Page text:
Eriksson ditches the diamond in move to widen England options

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The Independent Online

Maybe it was right that Claudio Ranieri should have been succeeded by Sven Goran Eriksson. Even now, at the last possible moment before England fly to Portugal, the Swede was still tinkering.

Maybe it was right that Claudio Ranieri should have been succeeded by Sven Goran Eriksson. Even now, at the last possible moment before England fly to Portugal, the Swede was still tinkering.

Having used Tuesday's friendly with Japan to polish the diamond formation he intends to use against France, the England head coach will employ a conventional 4-4-2 for the final rehearsal before the European Championship opens.

Eriksson knows he might be accused of indecision against Iceland at the City of Manchester Stadium this afternoon and yesterday he admitted to hedging his bets. Had Nicky Butt been fully match fit and had he been the player for Manchester United that he was during the World Cup, the diamond would have had an anchor. However, Butt is a player on the wane and Eriksson remarked that different formations might be employed in England's other group games against Switzerland and Croatia.

"I will decide the formation game by game when deciding what to do," he said yesterday. "If we have the opportunity to play both systems, then why not do so? But it doesn't matter what system you play, if you don't take up the right positions. We lost our shape a lot against Japan in the second half, hopefully because of tiredness." Certainly, Eriksson felt confident enough to all but announce his side 24 hours before kick-off. Paul Robinson will start his first international, while Jamie Carragher fills in at centre-half for John Terry, who is not fully match fit. After the half-time break, Eriksson will use no fewer than 10 substitutes and said with a weak smile that he hoped the paying public would understand.

Tuesday's encounter with Japan was for Eriksson both exhilarating and worrying. He maintained that for the first half an hour England performed on a plane which would have troubled even the French. After the interval, they were a mess. Hence, the rigorous new emphasis on physical fitness. "I talked to the French manager in the World Cup (Roger Lemerre) and one of the reasons he gave for them not doing well was they missed something in their physical preparation," Eriksson said. "It is very difficult when you have a big tournament as we do every second year and it is after the Premier League and the Champions' League. If you remember the World Cup, those teams, like [South] Korea, who had one or two months off, were physically much better than the others." That excuse will not run in Portugal. Only Russia, who are midway through their season, have had a different pattern of preparation, while of England's likely starting line-up in Lisbon, only Frank Lampard and John Terry travelled further than the European Cup quarter-finals.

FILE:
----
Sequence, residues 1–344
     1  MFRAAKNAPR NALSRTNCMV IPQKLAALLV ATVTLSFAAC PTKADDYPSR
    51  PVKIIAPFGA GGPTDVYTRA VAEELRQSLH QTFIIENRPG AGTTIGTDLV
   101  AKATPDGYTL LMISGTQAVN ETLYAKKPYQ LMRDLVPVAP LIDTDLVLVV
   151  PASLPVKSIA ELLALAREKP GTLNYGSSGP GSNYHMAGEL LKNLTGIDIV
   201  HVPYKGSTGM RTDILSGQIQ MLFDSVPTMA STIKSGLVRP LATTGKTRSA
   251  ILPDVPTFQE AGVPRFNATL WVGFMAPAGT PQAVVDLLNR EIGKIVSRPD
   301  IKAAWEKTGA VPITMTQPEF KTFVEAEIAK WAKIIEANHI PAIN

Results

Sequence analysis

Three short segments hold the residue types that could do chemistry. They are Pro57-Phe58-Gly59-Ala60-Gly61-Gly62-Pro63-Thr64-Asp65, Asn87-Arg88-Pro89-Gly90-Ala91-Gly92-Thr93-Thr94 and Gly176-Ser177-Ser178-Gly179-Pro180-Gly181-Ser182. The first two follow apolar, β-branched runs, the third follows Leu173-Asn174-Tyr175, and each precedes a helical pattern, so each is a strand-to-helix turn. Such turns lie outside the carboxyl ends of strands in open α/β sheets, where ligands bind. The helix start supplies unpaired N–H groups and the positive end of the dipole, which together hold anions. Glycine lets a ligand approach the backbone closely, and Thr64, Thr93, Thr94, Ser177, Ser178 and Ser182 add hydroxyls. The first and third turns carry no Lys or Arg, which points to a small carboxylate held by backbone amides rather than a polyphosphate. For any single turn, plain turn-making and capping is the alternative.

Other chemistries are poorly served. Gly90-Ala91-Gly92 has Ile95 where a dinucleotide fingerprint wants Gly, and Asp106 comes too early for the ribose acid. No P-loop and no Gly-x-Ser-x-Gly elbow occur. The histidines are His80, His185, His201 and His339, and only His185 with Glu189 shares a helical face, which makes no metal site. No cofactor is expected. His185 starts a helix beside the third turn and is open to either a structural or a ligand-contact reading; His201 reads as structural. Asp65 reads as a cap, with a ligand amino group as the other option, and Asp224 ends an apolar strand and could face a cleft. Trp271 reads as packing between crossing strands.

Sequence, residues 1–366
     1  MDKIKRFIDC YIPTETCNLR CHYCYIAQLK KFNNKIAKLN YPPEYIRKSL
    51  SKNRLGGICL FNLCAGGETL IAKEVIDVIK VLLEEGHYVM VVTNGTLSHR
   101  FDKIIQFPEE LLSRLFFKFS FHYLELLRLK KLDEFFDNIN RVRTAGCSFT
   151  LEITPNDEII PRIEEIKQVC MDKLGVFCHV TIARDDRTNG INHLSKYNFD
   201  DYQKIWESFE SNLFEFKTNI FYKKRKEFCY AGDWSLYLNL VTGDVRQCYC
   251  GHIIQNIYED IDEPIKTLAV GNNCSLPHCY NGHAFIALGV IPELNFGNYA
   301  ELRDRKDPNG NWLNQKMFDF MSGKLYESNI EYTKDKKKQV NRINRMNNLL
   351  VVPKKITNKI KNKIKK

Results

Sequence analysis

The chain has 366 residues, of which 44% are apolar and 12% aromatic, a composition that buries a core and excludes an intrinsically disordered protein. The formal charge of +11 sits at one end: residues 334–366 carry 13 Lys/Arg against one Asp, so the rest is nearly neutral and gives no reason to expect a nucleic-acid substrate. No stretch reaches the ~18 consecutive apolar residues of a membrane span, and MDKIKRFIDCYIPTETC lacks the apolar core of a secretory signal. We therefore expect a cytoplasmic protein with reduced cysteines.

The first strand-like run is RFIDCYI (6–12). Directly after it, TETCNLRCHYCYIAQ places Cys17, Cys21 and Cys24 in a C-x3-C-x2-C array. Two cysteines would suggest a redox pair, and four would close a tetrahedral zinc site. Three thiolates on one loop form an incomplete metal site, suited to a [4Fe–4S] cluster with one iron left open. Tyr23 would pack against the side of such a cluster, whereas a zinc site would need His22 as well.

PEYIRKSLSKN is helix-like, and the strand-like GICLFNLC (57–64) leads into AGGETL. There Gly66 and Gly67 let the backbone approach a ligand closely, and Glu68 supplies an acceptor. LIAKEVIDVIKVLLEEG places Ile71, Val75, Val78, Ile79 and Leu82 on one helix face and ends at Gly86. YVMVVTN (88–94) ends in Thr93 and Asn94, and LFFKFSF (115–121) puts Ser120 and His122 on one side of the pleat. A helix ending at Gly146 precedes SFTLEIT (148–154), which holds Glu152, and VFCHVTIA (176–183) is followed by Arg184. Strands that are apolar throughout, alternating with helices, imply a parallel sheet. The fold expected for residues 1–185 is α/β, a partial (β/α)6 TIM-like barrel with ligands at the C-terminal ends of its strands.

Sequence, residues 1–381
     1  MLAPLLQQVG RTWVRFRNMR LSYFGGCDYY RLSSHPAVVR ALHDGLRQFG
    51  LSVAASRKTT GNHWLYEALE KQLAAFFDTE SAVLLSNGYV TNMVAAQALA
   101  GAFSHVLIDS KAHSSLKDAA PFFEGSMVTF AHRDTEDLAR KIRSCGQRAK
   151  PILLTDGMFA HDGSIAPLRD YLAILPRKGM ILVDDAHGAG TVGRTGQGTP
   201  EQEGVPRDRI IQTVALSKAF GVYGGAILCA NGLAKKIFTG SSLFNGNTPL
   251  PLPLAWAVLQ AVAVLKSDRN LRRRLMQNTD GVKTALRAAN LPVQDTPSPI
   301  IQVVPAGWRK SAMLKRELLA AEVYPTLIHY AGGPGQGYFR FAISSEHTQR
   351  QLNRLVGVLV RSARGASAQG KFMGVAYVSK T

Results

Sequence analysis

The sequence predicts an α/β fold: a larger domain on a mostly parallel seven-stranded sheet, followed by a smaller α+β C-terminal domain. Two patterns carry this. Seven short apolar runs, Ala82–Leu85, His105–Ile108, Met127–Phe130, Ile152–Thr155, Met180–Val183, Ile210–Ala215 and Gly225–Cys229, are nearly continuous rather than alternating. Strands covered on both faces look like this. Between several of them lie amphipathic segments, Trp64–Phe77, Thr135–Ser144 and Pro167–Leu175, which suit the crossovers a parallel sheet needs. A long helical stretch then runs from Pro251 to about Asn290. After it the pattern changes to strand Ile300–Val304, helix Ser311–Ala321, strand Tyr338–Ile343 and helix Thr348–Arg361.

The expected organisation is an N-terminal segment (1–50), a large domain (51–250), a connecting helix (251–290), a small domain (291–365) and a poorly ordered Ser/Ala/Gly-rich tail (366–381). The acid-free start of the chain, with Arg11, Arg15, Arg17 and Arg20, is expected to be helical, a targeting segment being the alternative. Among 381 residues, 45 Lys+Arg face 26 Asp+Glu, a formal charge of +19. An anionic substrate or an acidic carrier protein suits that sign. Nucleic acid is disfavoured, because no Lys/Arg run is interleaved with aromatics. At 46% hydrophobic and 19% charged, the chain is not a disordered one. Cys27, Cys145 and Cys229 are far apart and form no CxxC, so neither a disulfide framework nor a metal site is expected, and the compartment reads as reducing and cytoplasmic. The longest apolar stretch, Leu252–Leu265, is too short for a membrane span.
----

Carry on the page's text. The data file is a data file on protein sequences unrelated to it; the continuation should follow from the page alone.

It is not just the physical preparation that is worrying. Despite the outward shows of confidence, which range from statements by David Beckham that this is the best England side he has been involved with, to the St George's flags fluttering from seemingly every car, Eriksson's results have been poor.

The Swede does not care overmuch for friendlies, seeing them as more rarefied forms of training sessions but his run of results going into the European Championship are some of the worst by an England team before any major tournament. They have given no performances to have kept Europe awake. Last month in Eindhoven, the Netherlands took on a Greek side that had not conceded a goal in six competitive games and scored four times. There has been nothing from England on that scale.

Of their last six matches, only one has been won and that was against Liechtenstein at Old Trafford. Before England's most successful tournaments of modern times, the 1990 World Cup and the 1996 European Championship, Bobby Robson's and Terry Venables' teams won four of their final six games.

However, it has to be pointed out that Eriksson had a similarly unimpressive friendly record before the 2002 World Cup from which England emerged with credit. Yesterday, he said it was the big games - ones where his record is enviable - that matter. "We are not preparing for Japan or Iceland, we are preparing for when the tournament starts." A few months ago, it would have been a reasonable supposition that England's opening game against France would be foreshadowed by the departure of the manager to a London club. So it has proved but it is Jacques Santini's decision to seek Daniel Levy's employment at Tottenham rather than Eriksson's embracing of Roman Abramovich's wallet, which has triggered a fierce debate across the Channel.

Just as Bobby Robson was hysterically accused of betraying England by signing a contract with PSV Eindhoven before the 1990 World Cup, so Santini has been told by the French press he has handed England a crucial advantage before the teams meet in Lisbon. France, they said, would be destabilised. Eriksson thought the accusations ridiculous; they did not prevent England under Robson producing their best display in a foreign tournament and he doubted the French could be so easily deflected.

"I would be very surprised if that could disturb 23 players," Eriksson said. "Players, coaches and the manager are much too professional for that. What does the player want? He wants to win the tournament and as to who his manager is in August, who cares? If I said I was going to Chelsea, I would have been killed but by whom? I shouldn't have been murdered by the players, that's for sure. By the fans? I doubt it. By you in the media, certainly."

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